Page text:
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Trump's wall and the US shutdown: This is where things stand

Dec 29 2018 11:22
Erik Wasson and Shannon Petty, Bloomberg

President Donald Trump discussed the government shutdown stalemate at the White House with advisers including Vice President Mike Pence, legislative director Shahira Knight and acting Chief of Staff Mick Mulvaney, an official said.

No progress is being reported on ending the partial closure that began December 22 and entered its seventh day Friday.

Last week, Pence told Senate Minority Leader Chuck Schumer that the president would agree to a deal that included $2.5 billion for border security, half the $5 billion he’s publicly demanded, according to a person familiar with the negotiations.

But Schumer and likely House Speaker Nancy Pelosi are sticking with their offer of $1.3 billion for border security, without allowing the administration to build new sections of wall.

Some federal workers began to feel the pain of the partial US government shutdown on Friday.

The first paychecks were going out with reduced funds for employees who were assigned to work without pay on the first day of the shutdown, a Saturday, or who began their furlough that day.

If Trump’s standoff with Democrats over a wall at the US-Mexico border continues, all workers in the nine departments and dozens of agencies affected by the closure will miss their next paycheck on January 11.

Gifts Returned

“I’ve had members come to me saying they are returning holiday and Christmas presents they bought because they are worried about paying rent,” National Treasury Employees Union President Tony Reardon said in an interview Thursday. “Congress should be doing everything in its power to get the government up and running again.”

Democrats have little incentive to negotiate until they take over the House of Representatives on January 3 and gain leverage in the talks. Schumer’s spokesman, Justin Goodman, said both sides remain far apart.

“We on the Republican side do not want to vote for a bill the president won’t sign,” Senator Pat Roberts, a Kansas Republican, told reporters in the Capitol Thursday. “So hopefully Senator Schumer and the Democrat leadership will come up with a number that satisfies the president for border security.”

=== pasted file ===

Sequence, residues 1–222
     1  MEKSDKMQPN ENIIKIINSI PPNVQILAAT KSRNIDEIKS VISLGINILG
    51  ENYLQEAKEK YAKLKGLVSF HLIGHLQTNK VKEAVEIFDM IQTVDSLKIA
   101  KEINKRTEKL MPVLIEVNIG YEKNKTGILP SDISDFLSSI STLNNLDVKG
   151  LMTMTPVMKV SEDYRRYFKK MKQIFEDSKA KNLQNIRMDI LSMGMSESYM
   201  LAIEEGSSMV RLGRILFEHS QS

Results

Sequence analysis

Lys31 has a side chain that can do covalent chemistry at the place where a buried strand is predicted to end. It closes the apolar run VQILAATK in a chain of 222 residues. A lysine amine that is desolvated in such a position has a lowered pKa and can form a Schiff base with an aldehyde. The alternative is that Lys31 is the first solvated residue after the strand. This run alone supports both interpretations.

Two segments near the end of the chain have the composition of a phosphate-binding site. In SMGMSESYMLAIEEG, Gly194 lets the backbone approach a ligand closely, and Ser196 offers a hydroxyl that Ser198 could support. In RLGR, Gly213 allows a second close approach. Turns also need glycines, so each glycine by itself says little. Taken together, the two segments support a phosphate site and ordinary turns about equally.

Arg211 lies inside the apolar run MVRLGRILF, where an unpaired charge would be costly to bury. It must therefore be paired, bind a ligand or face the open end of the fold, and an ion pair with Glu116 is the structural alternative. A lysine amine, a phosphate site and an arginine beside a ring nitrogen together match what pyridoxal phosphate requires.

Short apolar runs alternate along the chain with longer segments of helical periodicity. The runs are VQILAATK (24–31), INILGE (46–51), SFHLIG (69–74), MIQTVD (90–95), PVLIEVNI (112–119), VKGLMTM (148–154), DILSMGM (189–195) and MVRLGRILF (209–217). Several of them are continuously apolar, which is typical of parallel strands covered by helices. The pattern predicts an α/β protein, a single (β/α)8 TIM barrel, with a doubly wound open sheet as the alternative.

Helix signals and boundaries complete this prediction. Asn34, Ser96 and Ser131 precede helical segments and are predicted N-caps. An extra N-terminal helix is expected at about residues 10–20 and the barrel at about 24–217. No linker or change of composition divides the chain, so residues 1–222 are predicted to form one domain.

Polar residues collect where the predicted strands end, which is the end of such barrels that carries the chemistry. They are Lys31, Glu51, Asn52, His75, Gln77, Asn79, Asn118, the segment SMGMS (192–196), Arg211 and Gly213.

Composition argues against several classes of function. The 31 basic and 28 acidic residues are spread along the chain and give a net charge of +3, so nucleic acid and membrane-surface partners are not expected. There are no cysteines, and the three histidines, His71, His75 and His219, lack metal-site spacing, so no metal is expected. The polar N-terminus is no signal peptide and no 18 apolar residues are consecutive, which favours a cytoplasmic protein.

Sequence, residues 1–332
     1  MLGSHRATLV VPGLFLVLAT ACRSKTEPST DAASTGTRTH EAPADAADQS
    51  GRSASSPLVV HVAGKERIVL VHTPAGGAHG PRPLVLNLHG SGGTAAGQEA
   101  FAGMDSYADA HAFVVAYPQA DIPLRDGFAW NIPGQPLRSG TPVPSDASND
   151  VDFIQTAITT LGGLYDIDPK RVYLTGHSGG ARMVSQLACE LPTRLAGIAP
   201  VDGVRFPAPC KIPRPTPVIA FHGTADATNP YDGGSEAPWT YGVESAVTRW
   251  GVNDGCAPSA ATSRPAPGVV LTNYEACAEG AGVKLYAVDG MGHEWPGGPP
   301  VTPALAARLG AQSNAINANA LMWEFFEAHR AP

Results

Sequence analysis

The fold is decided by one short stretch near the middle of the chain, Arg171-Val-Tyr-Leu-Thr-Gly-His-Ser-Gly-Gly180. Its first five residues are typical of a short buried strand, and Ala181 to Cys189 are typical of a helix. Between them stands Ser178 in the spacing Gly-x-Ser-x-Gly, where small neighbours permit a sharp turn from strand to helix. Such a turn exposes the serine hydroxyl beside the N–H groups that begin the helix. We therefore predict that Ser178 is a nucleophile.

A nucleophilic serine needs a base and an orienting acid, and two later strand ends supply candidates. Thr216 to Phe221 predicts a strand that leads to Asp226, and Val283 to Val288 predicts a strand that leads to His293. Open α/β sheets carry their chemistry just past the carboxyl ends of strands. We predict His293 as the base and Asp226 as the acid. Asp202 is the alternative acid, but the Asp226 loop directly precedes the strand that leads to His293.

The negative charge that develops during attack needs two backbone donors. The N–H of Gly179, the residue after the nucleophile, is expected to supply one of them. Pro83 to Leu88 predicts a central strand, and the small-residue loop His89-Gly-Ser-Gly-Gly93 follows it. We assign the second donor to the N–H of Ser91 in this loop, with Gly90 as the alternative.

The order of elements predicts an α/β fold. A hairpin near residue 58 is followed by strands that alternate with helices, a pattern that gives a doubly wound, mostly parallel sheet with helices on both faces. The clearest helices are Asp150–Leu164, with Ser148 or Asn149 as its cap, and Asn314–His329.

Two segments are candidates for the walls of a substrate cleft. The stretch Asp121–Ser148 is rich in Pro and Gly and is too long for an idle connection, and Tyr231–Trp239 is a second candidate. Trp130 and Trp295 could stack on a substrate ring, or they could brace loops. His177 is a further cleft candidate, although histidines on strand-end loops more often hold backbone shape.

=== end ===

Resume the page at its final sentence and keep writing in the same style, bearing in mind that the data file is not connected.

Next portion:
Resolution of the standoff may end up involving a face-saving deal on a barrier that Trump can call a wall.

“They can call it anything they want to, barrier or fence,“ Roberts said.

There’s little indication of any imminent agreement to resolve the standoff as the new Congress is set to convene next week.

Trump is demanding $5 billion for the wall, while Democratic leaders have proposed $1.3 billion for border security.

Congressional leaders remained out of town, while Trump returned to Washington early Thursday from an unannounced visit to US troops in Iraq. The Senate and House held brief sessions on Thursday but took no votes.

Lawmakers will be given 24 hours notice if there is a breakthrough that would require a vote.

Latest Developments

Trump tweeted on Friday that he would completely close the border with Mexico unless Democrats provide money for the wall and change immigration laws. Schumer told Pence last weekend that Democrats won’t consider any offer without a public endorsement by Trump because the president has changed his position so often, Goodman said.

Next Steps

Democratic leaders in the House and Senate have been negotiating with the Trump administration. Once they reach agreement, Senate Majority Leader Mitch McConnell said he’ll seek a vote on the deal. If the shutdown lasts past January 3, when Democrats assume control of the House, Pelosi says the chamber will pass a spending bill to reopen the government - without money for a wall.

Key Impacts

The shutdown, which began December 22, affects nine of 15 federal departments, dozens of agencies and hundreds of thousands of workers. Among the departments without funding are: Justice, Homeland Security, Interior and Treasury.

Independent agencies, including the Securities and Exchange Commission, are also affected. The departments whose funding lapsed represent about a quarter of the $1.24 trillion in government discretionary spending for fiscal year 2019.

An estimated 400 000 federal employees will work without pay and 350 000 will now be furloughed, according to a congressional Democratic aide. Federal employees working without pay and those now furloughed are getting their December 28 pay checks under a decision by the White House budget office since pay reflects work before December 21. 

The remaining parts of the government, including the Defense Department, Departments of Labor and Health and Human Services, were already funded and won’t be affected by the shutdown, nor will mandatory entitlement programs like Medicare payments.

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